Cool Hand Luke: Just when it seems ole’ Luke has been broken by The Man he redeems himself and becomes a legend.
My favourite Evil Character who achieves redemption : Darth Vader.
Two of my favorites: Sunrise (1927), about a man who tries to mruder his wife, then regrets it and has to win back her trust; and Rain (1932), about a prostitute who . . . well, I don’t want to give away the plot, but it’s a great film (probably Joan Crawford’s best performance).
It’s a made-for-TV movie, but I nominate Purgatory. It was made a couple of years ago, with Randy Quaid, Sam Shepard, and Eric Roberts. It’s set in 1800’s Old West and it’s got quite a lot of fire and brimstone.
Just thought of a couple more:
The Longest Yard (Burt Reynolds) Football player convicted of throwing a game for gamblers leads a team of inmates to victory in a game against prison guards, in spite of demands by the warden that he throw the game.
The Apostle (Robert Duvall) Duvall’s character redeems himself from an act of violence by starting a small church in a rural community.
Oh yeah, and how about The Bad News Bears? Walter Matthau finds redemption in coaching little leaguers.
And speaking of sports movies, there is of course Rocky.
Kuzco in the Emperor’s New Groove.
Somebody already mentioned Jerry Maguire but it’s worth repeating.
For the traumatic event/redemption category, the first ones that come to mind are Enough, Double Jeopardy, and Empire of the Sun.
It’s a trilogy, and not one movie, but how can we leave out Max Rokitanski?
In Mad Max, he’s a good cop who’s pushed over the edge by the murder of his wife and child.
In The Road Warrior, he’s an amoral drifter who’s looking out for number one, but redeems himself through an act of self sacrifice.
And in Mad Max: Beyond Thunderdome, he’s a hero who saves a group of children and brings new hope for the future.
In O Brother Where Art Thou, the three main characters find a musical redemption.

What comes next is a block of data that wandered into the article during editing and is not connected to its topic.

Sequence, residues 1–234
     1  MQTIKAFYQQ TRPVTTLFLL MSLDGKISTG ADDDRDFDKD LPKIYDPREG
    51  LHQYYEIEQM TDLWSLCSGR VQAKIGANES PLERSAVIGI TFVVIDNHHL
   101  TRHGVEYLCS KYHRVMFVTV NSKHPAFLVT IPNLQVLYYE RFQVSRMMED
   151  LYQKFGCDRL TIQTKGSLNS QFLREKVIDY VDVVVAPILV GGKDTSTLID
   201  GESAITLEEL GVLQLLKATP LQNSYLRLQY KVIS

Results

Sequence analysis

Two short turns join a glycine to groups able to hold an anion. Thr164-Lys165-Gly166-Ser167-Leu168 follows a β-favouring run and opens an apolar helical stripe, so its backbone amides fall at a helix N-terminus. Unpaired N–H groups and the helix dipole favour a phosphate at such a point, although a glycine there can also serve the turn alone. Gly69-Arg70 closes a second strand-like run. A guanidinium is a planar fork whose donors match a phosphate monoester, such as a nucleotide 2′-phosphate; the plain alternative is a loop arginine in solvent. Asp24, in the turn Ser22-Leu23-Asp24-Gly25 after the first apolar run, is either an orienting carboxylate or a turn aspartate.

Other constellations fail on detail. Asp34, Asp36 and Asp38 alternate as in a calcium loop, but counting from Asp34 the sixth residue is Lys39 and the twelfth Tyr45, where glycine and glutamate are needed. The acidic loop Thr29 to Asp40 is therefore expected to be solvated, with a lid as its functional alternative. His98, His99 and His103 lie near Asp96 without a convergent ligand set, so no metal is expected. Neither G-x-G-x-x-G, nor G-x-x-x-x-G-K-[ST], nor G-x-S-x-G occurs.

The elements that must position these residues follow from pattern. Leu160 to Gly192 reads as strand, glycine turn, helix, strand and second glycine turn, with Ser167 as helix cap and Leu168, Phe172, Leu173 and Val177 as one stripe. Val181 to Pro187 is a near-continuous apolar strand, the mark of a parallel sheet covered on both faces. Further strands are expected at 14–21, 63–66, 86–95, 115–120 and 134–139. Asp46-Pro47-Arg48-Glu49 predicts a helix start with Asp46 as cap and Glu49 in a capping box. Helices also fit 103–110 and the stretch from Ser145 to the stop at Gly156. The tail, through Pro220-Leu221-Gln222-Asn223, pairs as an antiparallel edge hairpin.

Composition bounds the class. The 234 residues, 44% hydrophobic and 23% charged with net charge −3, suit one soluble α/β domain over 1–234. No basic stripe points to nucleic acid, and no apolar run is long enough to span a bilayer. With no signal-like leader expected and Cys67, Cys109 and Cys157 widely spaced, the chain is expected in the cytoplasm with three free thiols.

Best Redemption Movies ever - hard to find, but worth it. Both are so amazing.
- Spitfire Grill
- Bella (excellent story, well written, great acting, may have to watch it twice to fully appreciate it as it flashbacks and symbolism that you may not fully understand the first time. Every scene has significance toward how it ends the way that it does.
Both movies would be appropriate to watch with ages 13 and up. No violence in either.
Minority Report, I hesitate to say much about the plot in an effort to avoid spoilers, but this is one of my favorites. Some of the special effects are cheesy, but the emotions resonate.
How about Schindler’s List? Schindler goes through quite a change over the course of that film.
Lilo and Stitch
The Phantom of the Opera is redeem through Christine’s love, and agrees to let her go.
Cinderella III, in which the slipper is magically made to fit Anastasia, Cinderella’s stepsister (it’s a long story) but when she’s about to wed the prince, she says, “I…don’t” because she realizes that what she’s doing is wrong.
I’d say between 50-75% of all martial arts films are about redemption; the rest are about revenge and there’s plenty of overlap.
Pretty much all Jackie Chan movies
Enter the Dragon
Chinese Super Ninjas
Shaolin vs. Ninja
etc. etc. etc.
Speaking of martial arts movies, The Magnificent Seven, a remake of The Seven Samurai has a redemption theme centering around Robert Vaughn’s character. I always liked him, and wish he wasn’t shilling for ambulance chasers, but I guess he needs the work.
Thor. The scene of him quietly and happily making breakfast for his friends gets me each time.
Warm Bodies - the redemption of zombies.
Zombies are beyond redemption; at least not without a case of air freshener.